In addition to the four main elements above, a fifth element applies to jurisdictions which offer IP regimes in relation to the modified nexus approach of BEPS Action 5. This element includes a review of the spontaneous exchanges of information on new entrants benefitting from grandfathered IP regimes (regardless of whether a ruling is provided), taxpayers which benefit from the third category of IP assets, and taxpayers making use of the option to treat the nexus ratio as a rebuttable presumption.
Of the 44 jurisdictions reviewed, the report provides recommendations for improvements for: Austria; China; Colombia; the Czech Republic; Estonia; Finland; France; Greece; Hungary; Iceland; India; Israel; Italy; Latvia; Luxembourg; the Netherlands; Poland; Portugal; Russia; South Korea; Spain; Sweden; Turkey; and the UK.
Russian Law Implementing Action 13 Documentation Requirements and the Exchange of Financial Account Information Signed and Published
On 28 November 2017, Russia announced that President Vladimir Putin has signed Federal Law No. 340-FZ on amendments to the Tax Code for the implementation of the international automatic exchange of information and documentation on international groups of companies, which provides for the three-tiered documentation requirements of BEPS Action 13 and the collection and exchange of financial account information under the OECD Common Reporting Standard (CRS), as well as provisions for tax monitoring and joint tax audits with foreign competent authorities. The Law was approved by the State Duma and Federation Council on 16 November and 22 November 2017, respectively, and entered into force on the day it was signed and published, 27 November 2017.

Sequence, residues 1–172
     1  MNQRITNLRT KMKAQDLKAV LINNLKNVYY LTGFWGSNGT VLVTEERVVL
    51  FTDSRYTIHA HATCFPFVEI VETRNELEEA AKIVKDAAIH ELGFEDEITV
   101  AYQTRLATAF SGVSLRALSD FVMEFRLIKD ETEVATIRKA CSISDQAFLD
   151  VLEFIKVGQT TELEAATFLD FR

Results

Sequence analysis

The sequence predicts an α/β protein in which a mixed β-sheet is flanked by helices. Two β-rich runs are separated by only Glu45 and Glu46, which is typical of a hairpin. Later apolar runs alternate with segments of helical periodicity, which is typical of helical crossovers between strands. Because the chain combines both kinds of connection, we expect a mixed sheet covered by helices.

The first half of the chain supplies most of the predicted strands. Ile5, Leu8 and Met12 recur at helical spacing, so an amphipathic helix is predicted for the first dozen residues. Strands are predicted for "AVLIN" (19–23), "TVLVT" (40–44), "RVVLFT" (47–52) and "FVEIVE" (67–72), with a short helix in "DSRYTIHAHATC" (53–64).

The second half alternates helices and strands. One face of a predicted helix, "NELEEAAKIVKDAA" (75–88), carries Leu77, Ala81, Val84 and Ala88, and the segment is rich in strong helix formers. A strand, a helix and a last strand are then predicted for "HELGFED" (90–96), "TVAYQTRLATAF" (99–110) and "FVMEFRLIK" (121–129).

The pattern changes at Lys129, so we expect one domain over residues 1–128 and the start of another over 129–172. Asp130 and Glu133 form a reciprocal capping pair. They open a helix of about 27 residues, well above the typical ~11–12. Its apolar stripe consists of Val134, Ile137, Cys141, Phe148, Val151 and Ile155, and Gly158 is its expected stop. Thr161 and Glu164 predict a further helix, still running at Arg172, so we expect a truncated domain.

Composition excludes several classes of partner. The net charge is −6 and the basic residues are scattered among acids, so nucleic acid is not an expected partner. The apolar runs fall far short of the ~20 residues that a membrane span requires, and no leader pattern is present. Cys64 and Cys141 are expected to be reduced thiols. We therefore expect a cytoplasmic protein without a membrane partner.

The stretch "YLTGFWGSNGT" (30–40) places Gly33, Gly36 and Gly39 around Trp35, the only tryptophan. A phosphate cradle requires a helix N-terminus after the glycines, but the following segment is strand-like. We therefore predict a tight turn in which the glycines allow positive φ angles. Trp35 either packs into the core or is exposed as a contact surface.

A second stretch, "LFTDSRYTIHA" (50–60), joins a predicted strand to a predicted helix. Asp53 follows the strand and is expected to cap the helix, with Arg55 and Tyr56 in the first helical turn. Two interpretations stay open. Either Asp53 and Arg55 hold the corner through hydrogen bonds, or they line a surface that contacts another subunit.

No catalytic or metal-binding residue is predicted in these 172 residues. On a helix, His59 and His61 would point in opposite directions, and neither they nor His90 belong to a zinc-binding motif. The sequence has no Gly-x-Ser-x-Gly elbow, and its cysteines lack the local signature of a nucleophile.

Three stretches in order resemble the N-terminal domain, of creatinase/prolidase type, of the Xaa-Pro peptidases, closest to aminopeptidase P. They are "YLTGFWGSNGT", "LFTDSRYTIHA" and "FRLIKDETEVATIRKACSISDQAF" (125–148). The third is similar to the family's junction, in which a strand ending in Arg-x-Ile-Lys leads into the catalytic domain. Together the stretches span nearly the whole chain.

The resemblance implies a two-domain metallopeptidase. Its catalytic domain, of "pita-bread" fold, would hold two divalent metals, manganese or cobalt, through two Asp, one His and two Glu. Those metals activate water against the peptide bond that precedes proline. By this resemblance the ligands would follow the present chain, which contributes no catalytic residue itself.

With respect to the Action 13 documentation requirements, the Law provides for the expansion of existing transfer pricing documentation requirement to include specified elements in line with the Action 13 Local file (National Documentation), as well as the introduction of documentation requirements in line with the Master file (Global Documentation) and CbC reports, including a CbC notification requirement (notification of participation in an MNE group). Main points of the Law regarding the new documentation requirements are as follows:
- The documentation/notification requirements apply for members of an MNE group meeting an RUB 50 billion consolidated group revenue threshold in the previous year, although for foreign parented groups, the threshold is the CbC reporting threshold in the foreign parent's jurisdiction (if applicable);
- The deadline to submit the notification of participation in an MNE group is 8 months following the end of the year, although an entity may be exempted if a notification is submitted by another member of the group and that notification reflects all members of the group;
- The Master file must be submitted within 3 months of request, but may not be requested earlier than 12 months after the end of the fiscal year or later than 36 months after the end of the fiscal year;